President Donald Trump has been an outspoken defender of Special Operations Chief Edward Gallagher, the Navy SEAL who was prosecuted for murder for allegedly killing a captured prisoner of war and ISIS fighter in Iraq. Gallagher was acquitted in July, and officials for the U.S. Navy announced on Wednesday that military prosecutors in the case would be losing the achievement medals they had received.
Trump, earlier on Wednesday, had tweeted that he directed the secretary of the U.S. Navy and the naval operations chief to “immediately withdraw and rescind” the Navy Achievement Medal from those prosecutors. Cdr. Jereal Dorsey, a U.S. Navy spokesman, said that Navy Secretary Richard Spencer had rescinded the awards and that he had the authority to do so.
But David Lapan, a retired U.S. Marines colonel and former Pentagon spokesman, was highly critical of the action — describing it as “ludicrous” and an example of the “further politicization of our military.”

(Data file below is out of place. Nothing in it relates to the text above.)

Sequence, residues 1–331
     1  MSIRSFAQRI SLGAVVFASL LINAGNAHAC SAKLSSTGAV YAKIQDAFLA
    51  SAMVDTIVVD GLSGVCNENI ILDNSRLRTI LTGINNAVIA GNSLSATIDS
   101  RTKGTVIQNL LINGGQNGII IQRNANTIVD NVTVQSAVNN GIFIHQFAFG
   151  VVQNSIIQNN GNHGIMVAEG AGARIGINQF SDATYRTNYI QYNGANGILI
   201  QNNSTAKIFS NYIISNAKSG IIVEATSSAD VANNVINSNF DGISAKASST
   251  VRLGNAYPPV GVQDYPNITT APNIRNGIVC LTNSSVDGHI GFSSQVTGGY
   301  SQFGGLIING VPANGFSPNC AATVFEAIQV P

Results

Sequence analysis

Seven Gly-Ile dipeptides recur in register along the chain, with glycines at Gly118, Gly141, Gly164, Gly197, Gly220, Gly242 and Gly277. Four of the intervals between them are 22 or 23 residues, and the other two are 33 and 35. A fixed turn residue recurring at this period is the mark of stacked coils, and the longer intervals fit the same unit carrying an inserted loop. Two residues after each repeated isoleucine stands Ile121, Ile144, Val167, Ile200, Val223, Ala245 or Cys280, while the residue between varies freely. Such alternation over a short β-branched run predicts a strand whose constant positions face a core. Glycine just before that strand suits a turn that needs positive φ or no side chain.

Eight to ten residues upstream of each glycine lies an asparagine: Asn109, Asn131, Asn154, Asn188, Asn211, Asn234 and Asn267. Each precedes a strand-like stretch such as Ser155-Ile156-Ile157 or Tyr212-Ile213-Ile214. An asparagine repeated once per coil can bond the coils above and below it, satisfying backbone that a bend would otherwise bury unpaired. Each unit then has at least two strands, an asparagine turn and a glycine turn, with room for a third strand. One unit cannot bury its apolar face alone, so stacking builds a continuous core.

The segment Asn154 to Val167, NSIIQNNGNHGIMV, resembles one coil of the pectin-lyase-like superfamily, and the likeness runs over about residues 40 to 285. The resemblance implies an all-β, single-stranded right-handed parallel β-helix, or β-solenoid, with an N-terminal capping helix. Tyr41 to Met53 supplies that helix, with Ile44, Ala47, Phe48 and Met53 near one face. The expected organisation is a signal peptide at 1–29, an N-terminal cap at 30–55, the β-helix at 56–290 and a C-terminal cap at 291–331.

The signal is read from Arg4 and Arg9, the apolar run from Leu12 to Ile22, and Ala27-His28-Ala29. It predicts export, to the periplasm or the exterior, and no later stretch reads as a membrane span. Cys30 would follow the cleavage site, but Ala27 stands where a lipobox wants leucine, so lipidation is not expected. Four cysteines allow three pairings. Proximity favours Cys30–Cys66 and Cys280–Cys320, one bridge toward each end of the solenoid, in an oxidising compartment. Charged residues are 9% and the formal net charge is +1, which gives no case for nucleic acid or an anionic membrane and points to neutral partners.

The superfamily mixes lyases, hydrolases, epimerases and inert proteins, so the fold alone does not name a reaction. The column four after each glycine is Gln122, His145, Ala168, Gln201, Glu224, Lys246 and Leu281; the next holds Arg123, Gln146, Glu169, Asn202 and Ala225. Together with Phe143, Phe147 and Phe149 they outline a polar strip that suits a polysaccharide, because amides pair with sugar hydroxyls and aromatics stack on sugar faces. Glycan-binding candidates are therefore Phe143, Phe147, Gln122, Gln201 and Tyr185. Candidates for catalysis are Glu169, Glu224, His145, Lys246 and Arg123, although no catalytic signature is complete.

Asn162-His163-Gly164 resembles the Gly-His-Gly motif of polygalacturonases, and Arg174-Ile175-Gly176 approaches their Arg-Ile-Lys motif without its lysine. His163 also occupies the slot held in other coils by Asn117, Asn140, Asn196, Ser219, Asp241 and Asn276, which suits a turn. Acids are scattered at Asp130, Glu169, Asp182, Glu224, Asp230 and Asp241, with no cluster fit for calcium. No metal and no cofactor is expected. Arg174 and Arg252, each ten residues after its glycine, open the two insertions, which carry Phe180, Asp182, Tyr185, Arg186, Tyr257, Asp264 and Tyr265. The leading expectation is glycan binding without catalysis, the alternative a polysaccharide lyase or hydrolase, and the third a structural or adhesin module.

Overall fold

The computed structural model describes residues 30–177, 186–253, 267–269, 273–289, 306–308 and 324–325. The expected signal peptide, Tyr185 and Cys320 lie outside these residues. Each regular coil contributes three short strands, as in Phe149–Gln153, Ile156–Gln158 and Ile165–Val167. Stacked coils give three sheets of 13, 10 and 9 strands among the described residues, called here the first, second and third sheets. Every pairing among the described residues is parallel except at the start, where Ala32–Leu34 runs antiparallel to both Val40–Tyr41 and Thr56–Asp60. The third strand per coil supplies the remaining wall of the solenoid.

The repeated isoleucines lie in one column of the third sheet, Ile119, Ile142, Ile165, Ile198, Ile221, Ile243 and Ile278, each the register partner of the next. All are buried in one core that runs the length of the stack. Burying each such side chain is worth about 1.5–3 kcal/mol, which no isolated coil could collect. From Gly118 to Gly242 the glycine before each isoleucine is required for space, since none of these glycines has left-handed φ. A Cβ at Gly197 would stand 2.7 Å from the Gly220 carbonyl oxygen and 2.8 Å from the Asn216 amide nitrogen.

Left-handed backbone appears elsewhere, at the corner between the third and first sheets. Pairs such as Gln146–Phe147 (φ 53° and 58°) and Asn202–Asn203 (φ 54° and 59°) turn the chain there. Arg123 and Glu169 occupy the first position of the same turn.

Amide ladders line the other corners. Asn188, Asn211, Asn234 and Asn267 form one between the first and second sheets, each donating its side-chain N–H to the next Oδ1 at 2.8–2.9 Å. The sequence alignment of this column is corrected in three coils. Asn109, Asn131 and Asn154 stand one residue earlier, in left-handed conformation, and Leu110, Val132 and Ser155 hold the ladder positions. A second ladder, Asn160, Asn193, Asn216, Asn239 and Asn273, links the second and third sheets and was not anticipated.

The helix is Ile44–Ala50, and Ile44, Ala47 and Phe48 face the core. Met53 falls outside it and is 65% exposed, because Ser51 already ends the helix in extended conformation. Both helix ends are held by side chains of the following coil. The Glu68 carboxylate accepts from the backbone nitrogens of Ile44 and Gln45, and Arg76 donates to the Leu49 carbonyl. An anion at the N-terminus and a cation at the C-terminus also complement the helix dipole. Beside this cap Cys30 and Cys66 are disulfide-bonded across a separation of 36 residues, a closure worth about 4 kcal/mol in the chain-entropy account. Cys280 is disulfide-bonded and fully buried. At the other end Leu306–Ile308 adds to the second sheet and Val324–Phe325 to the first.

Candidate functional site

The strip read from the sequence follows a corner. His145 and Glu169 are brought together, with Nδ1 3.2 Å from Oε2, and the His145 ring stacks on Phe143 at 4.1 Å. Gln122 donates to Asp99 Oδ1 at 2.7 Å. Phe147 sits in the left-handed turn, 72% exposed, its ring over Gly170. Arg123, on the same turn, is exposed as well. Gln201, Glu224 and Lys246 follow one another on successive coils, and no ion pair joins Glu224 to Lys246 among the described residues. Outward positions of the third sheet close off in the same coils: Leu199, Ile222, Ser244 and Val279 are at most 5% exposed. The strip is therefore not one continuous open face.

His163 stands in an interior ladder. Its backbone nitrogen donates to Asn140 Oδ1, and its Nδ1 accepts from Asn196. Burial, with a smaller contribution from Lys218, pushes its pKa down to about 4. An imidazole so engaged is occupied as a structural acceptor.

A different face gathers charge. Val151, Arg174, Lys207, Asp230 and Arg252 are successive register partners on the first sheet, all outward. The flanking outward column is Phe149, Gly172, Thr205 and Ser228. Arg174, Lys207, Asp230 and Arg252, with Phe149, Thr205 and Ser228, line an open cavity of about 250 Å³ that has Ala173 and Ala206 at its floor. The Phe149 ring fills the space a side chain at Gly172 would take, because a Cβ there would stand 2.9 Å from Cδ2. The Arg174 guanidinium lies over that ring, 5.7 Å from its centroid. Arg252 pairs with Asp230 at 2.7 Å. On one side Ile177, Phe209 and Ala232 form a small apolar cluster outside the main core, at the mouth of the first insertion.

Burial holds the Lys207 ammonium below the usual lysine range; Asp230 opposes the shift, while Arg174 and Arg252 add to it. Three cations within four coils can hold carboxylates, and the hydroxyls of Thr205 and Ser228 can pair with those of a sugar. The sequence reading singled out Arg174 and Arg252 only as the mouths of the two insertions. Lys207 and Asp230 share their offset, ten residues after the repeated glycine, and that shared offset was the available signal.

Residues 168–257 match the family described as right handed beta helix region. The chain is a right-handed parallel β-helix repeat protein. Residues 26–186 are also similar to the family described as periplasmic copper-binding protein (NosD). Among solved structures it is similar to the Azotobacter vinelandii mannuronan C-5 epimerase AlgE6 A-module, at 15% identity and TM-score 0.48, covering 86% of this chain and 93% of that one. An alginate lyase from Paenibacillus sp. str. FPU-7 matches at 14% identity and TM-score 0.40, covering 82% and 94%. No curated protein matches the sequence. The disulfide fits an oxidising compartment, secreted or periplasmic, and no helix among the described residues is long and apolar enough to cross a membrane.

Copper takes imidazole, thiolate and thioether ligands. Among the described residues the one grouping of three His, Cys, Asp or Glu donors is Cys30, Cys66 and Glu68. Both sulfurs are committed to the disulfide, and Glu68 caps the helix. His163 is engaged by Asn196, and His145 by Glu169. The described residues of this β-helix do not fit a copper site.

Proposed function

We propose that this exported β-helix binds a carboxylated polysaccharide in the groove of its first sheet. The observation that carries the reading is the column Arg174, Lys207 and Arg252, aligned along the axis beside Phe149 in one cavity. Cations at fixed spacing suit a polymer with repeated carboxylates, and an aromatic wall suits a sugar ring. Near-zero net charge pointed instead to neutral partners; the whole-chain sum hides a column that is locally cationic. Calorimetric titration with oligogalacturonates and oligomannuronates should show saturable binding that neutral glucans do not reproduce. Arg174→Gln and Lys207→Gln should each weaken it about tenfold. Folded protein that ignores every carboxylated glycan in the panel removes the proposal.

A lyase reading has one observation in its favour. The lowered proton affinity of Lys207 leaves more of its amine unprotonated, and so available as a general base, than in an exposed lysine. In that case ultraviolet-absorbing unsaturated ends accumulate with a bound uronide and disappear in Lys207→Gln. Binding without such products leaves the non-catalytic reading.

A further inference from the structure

The Prosecutors who lost the case against SEAL Eddie Gallagher (who I released from solitary confinement so he coul… https://t.co/hW4qgEv2mC— Donald J. Trump (@Donald J. Trump)1564603102.0
The prosecutors received their Navy Achievement Medal awards in July.
Trump has insisted that Gallagher never should have been prosecuted, but that view is hardly universal. Gallagher’s critics alleged that he killed the prisoner and member of the terrorist group ISIS (Islamic State, Iraq and Syria) as an act of vigilante justice. Gallagher, they alleged, did not act in self-defense, but rather, became a vigilante and appointed himself judge, jury and executioner.
During Gallagher’s trial, several Navy SEALs testified that they saw him stab the prisoner. Two alleged that they saw him stab the prisoner in the neck.
Nonetheless, Gallagher was acquitted of murder by a military jury, which consisted of two members of the U.S. Navy and five members of the U.S. Marines.